The Wiens family said Kory was liked by many people and was an easy going kid. As a hobby, Kory liked to customize his vehicles, spending lots of time with all the details. Kory was a good story teller and had a wonderful imagination.

Kory enlisted into the Army to gain experience for pursuing a career in law enforcement. He attended canine school at the 341st Training Squadron, Lackland Air Force Base in San Antonio, Texas, where he met his partner and friend, a yellow Labrador Retriever named Cooper. Cooper was a specialized search dog trained to find firearms, ammunition and explosives.


Kory and Cooper shared a special bond, spending most of their time together. Kory often referred to Cooper as his “son”. The two were featured in many news articles.

Kory and Cooper were assigned to the 94th Mine Dog Detachment, 5th Engineer Battalion, 1st Engineer Brigade, Fort Leonard Wood, Mo. The two deployed to Iraq together in January. Their abilities to detect TNT, C-4, detonation cords, smokeless powder and mortars saved countless lives by taking explosives and other IED manufacturing materials off the streets of Iraq. Kory and Cooper died alongside each other while performing a search patrol on July 6.

He is survived by his father, Kevin; mother, Judith (also known as Laura); brothers, Kevin and Kyle; sister, Lindsay; and grandmother, Patricia McAlister. He had four nieces and nephews, and was a great uncle to his sister’s children. Kory’s older brother Kevin is currently serving on a second tour in Iraq as a military police officer for the Army.

Kory and his two brothers, Kevin and Kyle, decided to get tattoos on their upper left shoulders that said “Brotherhood of Wiens” in Korean and the names of their brothers. Kyle was too young at the time to get his tattoo, but plans to have his done as soon as he can.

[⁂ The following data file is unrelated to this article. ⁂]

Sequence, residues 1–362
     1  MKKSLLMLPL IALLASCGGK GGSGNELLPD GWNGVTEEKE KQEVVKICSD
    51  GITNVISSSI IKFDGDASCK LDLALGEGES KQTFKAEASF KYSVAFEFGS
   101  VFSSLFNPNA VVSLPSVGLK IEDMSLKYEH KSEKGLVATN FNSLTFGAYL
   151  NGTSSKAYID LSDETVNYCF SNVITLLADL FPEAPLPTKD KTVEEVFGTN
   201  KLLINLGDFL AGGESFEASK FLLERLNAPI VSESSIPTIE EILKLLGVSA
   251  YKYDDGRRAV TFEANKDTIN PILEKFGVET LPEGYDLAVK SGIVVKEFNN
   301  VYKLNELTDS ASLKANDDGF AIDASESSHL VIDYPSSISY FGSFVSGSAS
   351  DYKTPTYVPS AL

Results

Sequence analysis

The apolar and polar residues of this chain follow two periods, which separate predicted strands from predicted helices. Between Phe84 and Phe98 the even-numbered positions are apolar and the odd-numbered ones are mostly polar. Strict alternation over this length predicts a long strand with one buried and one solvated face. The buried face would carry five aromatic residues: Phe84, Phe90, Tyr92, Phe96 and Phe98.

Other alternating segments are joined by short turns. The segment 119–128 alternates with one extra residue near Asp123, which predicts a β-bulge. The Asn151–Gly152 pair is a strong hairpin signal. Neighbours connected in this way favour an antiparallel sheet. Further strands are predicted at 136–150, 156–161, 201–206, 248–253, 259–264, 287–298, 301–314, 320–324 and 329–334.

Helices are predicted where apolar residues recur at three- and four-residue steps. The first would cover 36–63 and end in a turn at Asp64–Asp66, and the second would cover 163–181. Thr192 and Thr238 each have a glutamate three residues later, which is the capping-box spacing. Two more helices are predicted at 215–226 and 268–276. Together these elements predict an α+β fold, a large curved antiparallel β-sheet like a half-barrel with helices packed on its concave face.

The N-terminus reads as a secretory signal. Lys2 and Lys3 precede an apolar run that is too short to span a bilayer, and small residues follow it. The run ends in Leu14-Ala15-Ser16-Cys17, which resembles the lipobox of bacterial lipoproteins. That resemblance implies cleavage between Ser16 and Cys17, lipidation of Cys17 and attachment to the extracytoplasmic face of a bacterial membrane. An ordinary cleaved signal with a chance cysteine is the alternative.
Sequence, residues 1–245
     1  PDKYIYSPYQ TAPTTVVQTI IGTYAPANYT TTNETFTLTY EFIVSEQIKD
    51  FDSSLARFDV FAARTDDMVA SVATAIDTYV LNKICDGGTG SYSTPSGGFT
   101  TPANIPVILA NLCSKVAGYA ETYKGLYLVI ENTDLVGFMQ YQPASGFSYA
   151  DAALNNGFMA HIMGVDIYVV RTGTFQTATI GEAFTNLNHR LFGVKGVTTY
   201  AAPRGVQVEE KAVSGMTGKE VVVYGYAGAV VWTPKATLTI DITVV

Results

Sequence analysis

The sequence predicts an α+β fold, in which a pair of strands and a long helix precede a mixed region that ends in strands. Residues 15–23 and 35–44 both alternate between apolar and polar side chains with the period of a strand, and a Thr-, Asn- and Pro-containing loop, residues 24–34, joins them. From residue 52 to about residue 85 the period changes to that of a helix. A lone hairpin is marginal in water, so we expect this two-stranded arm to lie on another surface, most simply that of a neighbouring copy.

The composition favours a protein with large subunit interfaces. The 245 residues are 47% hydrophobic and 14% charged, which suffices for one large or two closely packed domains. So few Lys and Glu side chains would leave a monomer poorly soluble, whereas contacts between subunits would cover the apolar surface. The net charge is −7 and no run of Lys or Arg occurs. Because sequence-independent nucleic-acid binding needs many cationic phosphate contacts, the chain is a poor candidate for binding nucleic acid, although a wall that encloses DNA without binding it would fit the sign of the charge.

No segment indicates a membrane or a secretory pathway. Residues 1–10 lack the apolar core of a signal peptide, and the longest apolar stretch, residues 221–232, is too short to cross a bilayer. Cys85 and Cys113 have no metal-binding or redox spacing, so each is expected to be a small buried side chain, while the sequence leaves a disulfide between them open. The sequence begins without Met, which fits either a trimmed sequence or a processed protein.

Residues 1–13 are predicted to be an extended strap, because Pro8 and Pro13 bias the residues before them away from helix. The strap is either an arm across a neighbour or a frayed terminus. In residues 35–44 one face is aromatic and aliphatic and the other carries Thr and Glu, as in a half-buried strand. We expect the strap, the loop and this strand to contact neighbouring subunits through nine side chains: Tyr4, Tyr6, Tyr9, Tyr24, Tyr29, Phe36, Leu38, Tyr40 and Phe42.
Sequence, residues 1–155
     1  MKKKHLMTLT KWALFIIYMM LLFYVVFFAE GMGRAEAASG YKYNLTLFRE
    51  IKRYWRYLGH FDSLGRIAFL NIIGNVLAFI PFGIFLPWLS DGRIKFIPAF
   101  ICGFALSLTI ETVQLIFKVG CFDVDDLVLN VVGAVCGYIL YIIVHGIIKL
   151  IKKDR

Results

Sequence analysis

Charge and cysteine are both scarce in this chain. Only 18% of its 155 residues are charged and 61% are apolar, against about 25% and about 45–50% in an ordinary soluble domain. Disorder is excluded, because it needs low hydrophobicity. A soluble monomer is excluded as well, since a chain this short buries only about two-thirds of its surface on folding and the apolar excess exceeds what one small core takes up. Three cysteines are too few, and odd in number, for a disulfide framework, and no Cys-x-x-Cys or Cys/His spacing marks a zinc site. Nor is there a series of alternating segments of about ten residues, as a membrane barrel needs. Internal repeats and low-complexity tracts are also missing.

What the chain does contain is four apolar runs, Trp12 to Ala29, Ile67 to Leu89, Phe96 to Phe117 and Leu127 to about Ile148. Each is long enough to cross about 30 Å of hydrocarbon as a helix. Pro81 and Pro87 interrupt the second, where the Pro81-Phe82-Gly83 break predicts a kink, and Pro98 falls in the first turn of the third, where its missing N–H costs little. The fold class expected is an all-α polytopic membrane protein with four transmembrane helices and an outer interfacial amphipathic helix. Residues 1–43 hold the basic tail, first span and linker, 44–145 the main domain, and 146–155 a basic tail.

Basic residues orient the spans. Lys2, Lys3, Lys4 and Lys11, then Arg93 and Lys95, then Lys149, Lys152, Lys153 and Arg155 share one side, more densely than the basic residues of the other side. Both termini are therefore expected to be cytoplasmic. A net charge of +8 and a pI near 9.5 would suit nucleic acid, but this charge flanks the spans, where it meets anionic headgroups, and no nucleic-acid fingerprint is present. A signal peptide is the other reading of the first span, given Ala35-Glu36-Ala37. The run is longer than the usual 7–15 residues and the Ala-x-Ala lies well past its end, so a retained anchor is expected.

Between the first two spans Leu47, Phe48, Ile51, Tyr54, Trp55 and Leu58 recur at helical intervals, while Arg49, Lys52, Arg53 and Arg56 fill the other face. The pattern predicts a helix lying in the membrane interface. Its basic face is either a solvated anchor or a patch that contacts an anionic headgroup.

Kevin Wiens, who is also serving in Iraq, is escorting his brother’s body back to Oregon, along with Cooper’s.

Cpl. Dustin J. Lee(R.I.P.) and MWD Lex-Semper Fi

Posted in fallen handlers, Marine dog teams, Tribute Videos with tags , , , , , , , , , , , , , , , , , , on April 24, 2008 by wardogmarine

Dedicated to Marine Cpl Dustin Jerome Lee. Born April 7, 1986, Killed March 21, 2007 in Fallujah, Iraq.
He was 20 years old. Dustin was born in Meridian, MS, graduated from Quitman High School in 2004.
He was stationed at MCLB, HQ BN in Albany GA, before deploying for Iraq.
Cpl Dustin J. Lee was a Marine K9 handler attached to 3rd Recon Battalion in Fallujah when the attack happened.
His dog Lex received injuries but non life-threatening.
UPDATE: LEX was Adopted by Dustin’s family on December 21, 2007.
Visit this site http://www.remembercpldustinlee.blogspot.com/

Dustin’s shadow box created by Frank DeAngelis
http://www.frankdeangelis.com/Corporal%20Dustin%20J%20Lee.htm

K-9 LEX
Marine Bomb-Sniffing Dog
8 Years Old. Wounded in Iraq War
Retired 12-21.07
To The Lee Family

 

Poster of all Micahael Reagan’s illustrations.
http://www.fallenheroesproject.org/images/portrait%20poster.jpg